I’ve left out a few manufacturers that I need to give mention. Acer has claimed that they will have the first Chrome OS netbook but that is not a tablet and there hasn’t been any good information even if they are working on one. We know that the Dell Linux team has been openly working on Chrome OS (April 7 build here), and it would fit on their Mini 5 line of tablets (also known as Streak) coming out but that is pure speculation.
If there are any manufacturers that I have forgotten, please let me know. In the end, we’ll see some more developments relatively soon. Computex is coming up which will be closing in on the third quarter, a period of time when Chrome OS devices are expected to surface.
Computerworld is reporting that Computex, held the first week of June in Taipei, will have over fifty different devices on display that run on the ARM architecture. ARM is a company based in Cambridge, U.K. that develops and licenses their processor technology to a wide array of manufacturers. You can find ARM chips in your smartphone, and the soon to be released iPad tablet that has been of keen interest in the tech world has an ARM chip in it customized by Apple.
This wouldn’t be news for a mobile phone expo. But Computex is the second largest computer manufacturer conference. Because the chips require less power and produce a lower amount of heat than x86 processors, this technology will become prevalent in the netbook, tablet and smartbook market over the next few years. Many of these gadgets will be offered by wireless companies offering data services bundled together in the second half of this year.
Of particular interest of course is the fact that Chrome OS machines will most likely run on ARM chips. There already has been a successful prototype shown at the CeBIT conference not too long ago, and I would expect to see a good amount of machines running Chrome OS specifically when Computex rolls around. Right now many of these tablets and smaller computers are being shown running Android, however I am not quite convinced that operating system is the best choice for theses machine but instead simply a placeholder as Chrome OS is put through its paces.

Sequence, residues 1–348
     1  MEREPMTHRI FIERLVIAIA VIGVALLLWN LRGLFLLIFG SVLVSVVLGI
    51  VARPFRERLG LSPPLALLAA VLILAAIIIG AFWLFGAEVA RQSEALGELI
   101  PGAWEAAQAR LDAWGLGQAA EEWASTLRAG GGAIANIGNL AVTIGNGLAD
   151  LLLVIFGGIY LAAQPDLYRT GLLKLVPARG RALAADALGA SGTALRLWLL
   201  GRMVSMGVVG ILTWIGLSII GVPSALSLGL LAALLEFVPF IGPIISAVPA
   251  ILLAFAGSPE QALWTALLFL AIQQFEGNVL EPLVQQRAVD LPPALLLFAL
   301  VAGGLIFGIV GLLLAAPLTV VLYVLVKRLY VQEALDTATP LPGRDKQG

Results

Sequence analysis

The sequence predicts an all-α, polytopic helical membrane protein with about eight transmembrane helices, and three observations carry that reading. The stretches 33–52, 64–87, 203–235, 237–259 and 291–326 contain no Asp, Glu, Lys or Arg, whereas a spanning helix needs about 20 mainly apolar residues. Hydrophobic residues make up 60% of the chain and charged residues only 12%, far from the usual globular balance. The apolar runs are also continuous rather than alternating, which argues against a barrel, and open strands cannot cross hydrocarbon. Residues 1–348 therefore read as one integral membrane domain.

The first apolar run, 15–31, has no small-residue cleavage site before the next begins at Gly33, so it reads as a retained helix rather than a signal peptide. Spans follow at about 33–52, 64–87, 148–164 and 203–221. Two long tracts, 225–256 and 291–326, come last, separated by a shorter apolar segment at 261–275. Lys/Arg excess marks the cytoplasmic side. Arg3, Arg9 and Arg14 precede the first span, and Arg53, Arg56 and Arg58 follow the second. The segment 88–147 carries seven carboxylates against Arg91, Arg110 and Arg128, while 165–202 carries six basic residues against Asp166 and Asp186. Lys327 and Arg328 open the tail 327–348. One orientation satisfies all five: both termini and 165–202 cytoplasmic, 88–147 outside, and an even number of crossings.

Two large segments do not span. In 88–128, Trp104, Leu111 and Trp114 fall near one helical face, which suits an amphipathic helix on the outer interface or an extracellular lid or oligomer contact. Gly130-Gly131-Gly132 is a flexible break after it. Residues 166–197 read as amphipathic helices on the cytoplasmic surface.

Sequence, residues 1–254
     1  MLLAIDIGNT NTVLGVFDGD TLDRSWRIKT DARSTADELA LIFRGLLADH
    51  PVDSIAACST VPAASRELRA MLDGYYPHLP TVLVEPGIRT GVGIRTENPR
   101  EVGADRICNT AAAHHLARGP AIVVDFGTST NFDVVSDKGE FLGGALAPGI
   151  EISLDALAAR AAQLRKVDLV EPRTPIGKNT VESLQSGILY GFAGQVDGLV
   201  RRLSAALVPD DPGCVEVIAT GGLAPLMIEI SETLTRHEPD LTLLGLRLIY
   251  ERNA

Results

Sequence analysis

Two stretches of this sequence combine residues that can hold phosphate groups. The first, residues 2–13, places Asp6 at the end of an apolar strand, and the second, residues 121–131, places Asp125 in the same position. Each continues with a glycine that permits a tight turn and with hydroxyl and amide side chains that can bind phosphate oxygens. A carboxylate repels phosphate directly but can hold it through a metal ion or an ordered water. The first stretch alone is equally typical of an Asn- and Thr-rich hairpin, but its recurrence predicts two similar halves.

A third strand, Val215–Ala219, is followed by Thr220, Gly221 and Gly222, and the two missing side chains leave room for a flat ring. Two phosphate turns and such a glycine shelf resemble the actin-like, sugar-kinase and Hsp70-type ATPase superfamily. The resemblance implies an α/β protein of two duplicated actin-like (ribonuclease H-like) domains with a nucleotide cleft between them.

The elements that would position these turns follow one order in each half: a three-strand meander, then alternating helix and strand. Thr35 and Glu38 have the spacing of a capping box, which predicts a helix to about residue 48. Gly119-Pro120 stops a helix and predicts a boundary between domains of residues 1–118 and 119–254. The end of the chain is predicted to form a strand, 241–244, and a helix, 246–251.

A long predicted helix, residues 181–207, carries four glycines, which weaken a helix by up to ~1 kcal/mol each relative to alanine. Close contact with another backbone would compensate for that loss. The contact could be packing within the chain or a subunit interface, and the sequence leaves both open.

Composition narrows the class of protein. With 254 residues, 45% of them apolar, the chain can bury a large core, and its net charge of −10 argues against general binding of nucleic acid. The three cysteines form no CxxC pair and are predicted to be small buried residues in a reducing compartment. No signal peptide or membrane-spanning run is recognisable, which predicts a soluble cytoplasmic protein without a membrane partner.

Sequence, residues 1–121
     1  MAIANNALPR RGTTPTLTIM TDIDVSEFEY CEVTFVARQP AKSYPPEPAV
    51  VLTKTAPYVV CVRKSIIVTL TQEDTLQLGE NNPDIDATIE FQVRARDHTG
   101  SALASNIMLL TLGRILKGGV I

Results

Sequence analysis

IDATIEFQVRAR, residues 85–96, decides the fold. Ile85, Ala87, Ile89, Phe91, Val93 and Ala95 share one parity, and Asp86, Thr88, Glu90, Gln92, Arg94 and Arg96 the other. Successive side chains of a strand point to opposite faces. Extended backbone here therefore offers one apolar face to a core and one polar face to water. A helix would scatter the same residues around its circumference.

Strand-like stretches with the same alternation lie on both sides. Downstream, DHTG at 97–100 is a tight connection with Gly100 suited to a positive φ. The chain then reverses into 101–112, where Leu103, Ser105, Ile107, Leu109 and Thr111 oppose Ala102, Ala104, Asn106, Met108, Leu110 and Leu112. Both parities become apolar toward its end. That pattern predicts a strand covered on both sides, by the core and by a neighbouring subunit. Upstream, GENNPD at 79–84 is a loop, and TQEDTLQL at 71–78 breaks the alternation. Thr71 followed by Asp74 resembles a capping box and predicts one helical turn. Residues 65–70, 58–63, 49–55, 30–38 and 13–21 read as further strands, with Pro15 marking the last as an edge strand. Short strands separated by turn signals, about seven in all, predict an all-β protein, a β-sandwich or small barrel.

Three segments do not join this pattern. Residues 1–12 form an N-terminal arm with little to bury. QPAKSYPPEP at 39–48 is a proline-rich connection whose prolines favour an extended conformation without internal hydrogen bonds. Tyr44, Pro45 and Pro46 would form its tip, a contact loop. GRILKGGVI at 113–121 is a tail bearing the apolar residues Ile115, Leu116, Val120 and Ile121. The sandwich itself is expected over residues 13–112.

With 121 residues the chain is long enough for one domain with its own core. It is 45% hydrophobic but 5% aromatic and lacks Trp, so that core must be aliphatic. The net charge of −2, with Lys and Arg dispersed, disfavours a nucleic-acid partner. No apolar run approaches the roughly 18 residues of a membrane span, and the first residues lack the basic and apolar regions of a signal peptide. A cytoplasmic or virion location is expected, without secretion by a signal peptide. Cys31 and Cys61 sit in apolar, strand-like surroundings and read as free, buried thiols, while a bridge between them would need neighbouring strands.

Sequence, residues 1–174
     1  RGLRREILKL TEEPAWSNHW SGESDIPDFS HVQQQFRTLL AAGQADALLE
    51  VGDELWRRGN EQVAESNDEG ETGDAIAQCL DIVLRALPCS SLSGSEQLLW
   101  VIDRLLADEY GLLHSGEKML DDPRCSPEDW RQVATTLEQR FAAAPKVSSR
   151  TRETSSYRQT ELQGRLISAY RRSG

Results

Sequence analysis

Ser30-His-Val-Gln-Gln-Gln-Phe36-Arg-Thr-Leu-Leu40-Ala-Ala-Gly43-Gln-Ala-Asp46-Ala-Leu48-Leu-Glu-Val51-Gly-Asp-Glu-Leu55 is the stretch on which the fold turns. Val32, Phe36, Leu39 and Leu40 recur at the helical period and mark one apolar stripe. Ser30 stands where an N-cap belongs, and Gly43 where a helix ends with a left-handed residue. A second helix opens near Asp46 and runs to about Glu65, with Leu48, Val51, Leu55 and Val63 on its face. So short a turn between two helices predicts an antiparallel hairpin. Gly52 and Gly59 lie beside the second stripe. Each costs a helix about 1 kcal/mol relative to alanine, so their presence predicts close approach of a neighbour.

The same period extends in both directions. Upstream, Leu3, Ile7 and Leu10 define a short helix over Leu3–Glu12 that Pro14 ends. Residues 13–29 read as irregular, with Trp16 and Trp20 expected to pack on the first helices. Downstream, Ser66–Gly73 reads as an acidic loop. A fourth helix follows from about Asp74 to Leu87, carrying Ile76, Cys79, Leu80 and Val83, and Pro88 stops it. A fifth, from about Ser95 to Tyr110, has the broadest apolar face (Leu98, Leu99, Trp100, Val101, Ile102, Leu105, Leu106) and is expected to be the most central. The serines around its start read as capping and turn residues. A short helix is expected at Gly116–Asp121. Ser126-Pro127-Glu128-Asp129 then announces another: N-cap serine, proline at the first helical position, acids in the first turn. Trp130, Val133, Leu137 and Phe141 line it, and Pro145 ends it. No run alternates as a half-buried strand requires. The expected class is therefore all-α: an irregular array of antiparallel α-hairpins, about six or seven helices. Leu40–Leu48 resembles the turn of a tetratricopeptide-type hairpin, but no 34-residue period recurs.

MacWorld is reporting that the Parallels software, which allows Apple users to have Windows or Linux run in a virtualized environment, will support Chrome OS. At CeBIT this week in Germany they have been even showing off a machine that is running their latest version, Parallels 5 with Chrome OS. I haven’t been able to find a video but when I do I will post it here.
This is news but at the same time it isn’t. That’s because its already a known commodity that Parallels works with Chrome OS on a Mac, as instructions but the website Cult of Mac showed in mid-January how to run Chrome OS successfully in Parallels. But with that being said, since this is something that the company can show off at CeBIT, making it known that they officially stand behind supporting Chrome OS, there is a bit of significance here.